Nonetheless, by the time we had our baby girl in our arms, the “plan” had become a running joke around the L & D wards of not one, but two hospitals. It all started on a Saturday in a hospital not too far away…

Saturday, April 23

Since I was overdue with no signs of imminent labour, and a cervical sweep hadn’t moved any mountains (or babies) I was scheduled to start induction on this date. This was my choice – as my other option was to schedule an ultrasound to check if baby was thriving (or not) and wait for labour to start spontaneously, provided all was well on the ultrasound. My maternity clinic had no preference on which choice to make, and since they only let you go 10 days over anyways, I thought I may as well schedule induction and hope for labour to kick in naturally before then. I thought that, like her mom, baby might rise to meet a hard deadline.

She didn’t.

So I was 40 weeks and 6 days when I went to the hospital I was assigned to deliver at (FMC) to get a cervical ripening balloon (CRB) inserted around 4 pm. It actually involves the insertion of two saline-filled balloons into your cervix to start the dilation (widening) and effacement (thinning) process required to achieve the 10 cm necessary for vaginal delivery. The CRB insertion sounds kind of awful, but is actually no big deal. No pain; just weird to go home for the evening with two tubes hanging out of your body, taped to your inner thigh. Ideally, you will start having contractions and/or your water will break and/or the balloon will fall out (because the cervix dilates larger than the saline balloons and releases it). Failing all of the above, you phone in at 8 am the next morning to schedule a time to have the CRB removed and begin chemical induction (synthetic oxytocin).

That evening, we ate pizza and cupcakes and watched Netflix. I had some mild, period-type cramps and lower backache–but no real action.

Sunday, April 24

At 8 am we called FMC to report, well, nothing – and they told us to eat breakfast and come on in. By the time we got there, FMC had turned into a zoo of women in active labour. So, after a couple hours of uneventful fetal monitoring, they sent me home and said they expected to have room to accommodate me around 3pm and would call me then – if they didn’t, I was to call them.

At 4 pm they still hadn’t called, so I called them and was asked to come in at 5pm. When I got there they had suddenly gotten crazy busy again and once again couldn’t handle me. Their best suggestion was to call around and try to get me into another hospital (I asked if just getting the CRB out and going home was an option and they said no – it had to come out after 24 hours max and besides, they preferred to keep going with induction once they had started). Two other hospitals had no room for me either. Finally, SHC – a hospital clear across town – called and accepted me.

So I ended up at SHC around 7 pm (tranquil, sparkly new, freaking amazing facilities, a room service menu, 24 hour unlimited friends & family visitation). When they checked me there I was 4 cm and still unaware I was having contractions. Naturally, I assumed things were going to keeping going along swimmingly (ahahahahaha. No.)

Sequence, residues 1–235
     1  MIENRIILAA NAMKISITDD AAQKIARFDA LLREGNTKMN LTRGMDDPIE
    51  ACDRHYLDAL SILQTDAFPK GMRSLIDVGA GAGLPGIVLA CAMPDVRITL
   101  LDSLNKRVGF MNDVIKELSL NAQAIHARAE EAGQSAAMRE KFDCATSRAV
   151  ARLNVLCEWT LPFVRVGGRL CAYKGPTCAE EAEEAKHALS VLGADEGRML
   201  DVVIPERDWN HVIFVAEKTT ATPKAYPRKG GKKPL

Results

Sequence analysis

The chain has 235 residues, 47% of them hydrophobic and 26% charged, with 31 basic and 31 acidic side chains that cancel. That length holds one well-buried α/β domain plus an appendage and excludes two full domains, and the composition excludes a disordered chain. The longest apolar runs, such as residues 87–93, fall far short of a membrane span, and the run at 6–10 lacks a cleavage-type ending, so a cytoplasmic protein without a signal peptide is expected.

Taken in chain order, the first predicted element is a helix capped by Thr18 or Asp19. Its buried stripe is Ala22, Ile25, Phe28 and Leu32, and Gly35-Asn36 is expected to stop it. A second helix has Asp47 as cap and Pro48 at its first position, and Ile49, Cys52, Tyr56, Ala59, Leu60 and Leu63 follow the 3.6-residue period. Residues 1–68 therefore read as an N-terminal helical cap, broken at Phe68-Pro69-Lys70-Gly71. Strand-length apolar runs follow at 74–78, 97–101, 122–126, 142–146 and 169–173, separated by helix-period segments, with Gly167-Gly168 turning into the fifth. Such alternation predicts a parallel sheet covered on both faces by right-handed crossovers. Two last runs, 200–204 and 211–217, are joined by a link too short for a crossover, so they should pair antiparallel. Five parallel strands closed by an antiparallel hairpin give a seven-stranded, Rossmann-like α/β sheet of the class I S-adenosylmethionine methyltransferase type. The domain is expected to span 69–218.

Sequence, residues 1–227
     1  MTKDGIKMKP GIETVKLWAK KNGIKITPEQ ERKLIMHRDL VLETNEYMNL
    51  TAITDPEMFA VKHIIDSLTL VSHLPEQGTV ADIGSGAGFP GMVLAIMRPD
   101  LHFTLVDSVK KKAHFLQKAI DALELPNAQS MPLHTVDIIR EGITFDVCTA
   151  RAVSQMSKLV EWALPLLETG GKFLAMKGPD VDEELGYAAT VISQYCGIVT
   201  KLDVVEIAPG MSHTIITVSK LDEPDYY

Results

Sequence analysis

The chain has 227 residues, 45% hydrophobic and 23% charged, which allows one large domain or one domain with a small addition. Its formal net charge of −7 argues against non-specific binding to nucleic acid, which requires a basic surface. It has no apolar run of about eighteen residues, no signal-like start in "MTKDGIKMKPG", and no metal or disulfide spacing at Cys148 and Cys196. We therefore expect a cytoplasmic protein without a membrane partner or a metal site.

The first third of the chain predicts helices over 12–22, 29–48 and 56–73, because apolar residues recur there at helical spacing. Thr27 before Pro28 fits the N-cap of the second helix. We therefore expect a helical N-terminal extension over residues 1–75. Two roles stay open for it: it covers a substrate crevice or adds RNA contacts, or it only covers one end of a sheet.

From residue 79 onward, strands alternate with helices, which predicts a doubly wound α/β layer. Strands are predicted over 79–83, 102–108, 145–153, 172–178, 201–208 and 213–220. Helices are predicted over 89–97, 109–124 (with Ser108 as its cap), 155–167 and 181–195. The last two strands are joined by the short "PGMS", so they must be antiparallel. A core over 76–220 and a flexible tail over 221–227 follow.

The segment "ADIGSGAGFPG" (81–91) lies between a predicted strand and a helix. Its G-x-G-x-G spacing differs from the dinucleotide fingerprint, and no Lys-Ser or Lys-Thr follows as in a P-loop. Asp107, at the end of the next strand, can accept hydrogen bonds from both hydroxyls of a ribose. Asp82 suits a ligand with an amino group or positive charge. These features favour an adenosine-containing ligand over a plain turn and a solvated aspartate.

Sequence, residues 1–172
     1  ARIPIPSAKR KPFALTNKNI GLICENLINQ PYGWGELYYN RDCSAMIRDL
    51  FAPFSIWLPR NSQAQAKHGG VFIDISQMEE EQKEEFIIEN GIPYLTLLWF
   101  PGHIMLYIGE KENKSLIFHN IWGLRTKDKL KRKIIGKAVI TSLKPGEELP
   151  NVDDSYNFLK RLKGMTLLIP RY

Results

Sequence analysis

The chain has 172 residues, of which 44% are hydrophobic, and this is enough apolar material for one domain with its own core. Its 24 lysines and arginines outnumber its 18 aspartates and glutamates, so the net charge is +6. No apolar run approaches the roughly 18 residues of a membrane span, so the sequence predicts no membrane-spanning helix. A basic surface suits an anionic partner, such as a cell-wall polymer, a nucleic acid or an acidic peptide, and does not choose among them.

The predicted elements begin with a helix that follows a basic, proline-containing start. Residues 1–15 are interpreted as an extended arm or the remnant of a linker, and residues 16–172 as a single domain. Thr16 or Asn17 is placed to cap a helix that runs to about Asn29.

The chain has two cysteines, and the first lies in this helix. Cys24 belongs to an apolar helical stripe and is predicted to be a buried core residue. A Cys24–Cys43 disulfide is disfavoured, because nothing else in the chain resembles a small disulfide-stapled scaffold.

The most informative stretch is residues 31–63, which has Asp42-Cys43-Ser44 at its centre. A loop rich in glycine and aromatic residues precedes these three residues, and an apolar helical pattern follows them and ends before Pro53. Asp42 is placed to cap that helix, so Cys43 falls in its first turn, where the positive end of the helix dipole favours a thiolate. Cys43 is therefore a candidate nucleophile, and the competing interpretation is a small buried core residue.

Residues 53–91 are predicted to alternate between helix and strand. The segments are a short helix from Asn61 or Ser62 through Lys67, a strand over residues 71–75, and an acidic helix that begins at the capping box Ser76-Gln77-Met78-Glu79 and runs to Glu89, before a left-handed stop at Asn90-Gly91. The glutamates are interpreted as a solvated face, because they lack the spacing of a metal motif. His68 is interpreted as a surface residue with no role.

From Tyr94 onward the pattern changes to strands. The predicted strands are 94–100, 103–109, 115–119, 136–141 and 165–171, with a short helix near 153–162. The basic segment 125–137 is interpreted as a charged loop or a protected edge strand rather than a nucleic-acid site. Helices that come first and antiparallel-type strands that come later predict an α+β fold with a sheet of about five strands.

When they broke my water there was meconium (baby’s first poop) in it, so they didn’t give me very long to labour on my own (maybe 2 hours? I dunno. Time ceased to exist) before starting the oxytocin drip which – I won’t lie – fucking sucked. My contractions, which noticeably kicked in when my water broke, went from manageable to out of control with barely any breaks, very quickly. I hadn’t wanted an epidural…and I tried the laughing gas…but shortly after midnight I got an epidural (courtesy of one Dr. Cheeseman – I can’t make this shit up) which favored my left side, resulting in a totally dead left leg (dead as in, it fell off the bed and somebody literally had to pick it up for me) and still some pain (like maybe 30%) on my right side. Go figure. Whatever – it was 100% heaven compared to no epidural.

Note: the physician group that works out of SHC always insists on an ultrasound before CRB and/or induction (as opposed to the physician group from my clinic who gave me the option of either booking induction or having the ultrasound and waiting out spontaneous labour,not doing both). So when I was transferred to SHC with no recent ultrasound, they were not happy about that and insisted on continuous fetal monitoring and starting an IV on me. Being all hooked up like that seriously hindered my mobility and ability to cope with the labour – I’ll stop short of saying that I know I could have done it au naturel without the oxytocin…but it certainly felt at the time like that was what broke me. And fast. Well…if 24 hours is fast.

They kept cranking up the oxytocin at what felt to me like insanely frequent intervals and I slooooowly got to 7 cm and that’s where I stalled.

Monday, April 25

At 9 am Monday morning I was at 7 cm and at 3 pm when I was still stuck there we were given the choice to max out the oxytocin drip and give it another 2 to 3 hours before going to a C-section. Or go for the c-section then and there. The OB GYN was comfortable with either course of action, although we both got the impression that she was leaning towards “let’s get this over with”. Se decided to go for it. I didn’t feel like another hour or two would help and I was exhausted. I felt like I’d been in labour for days…and I kind of had.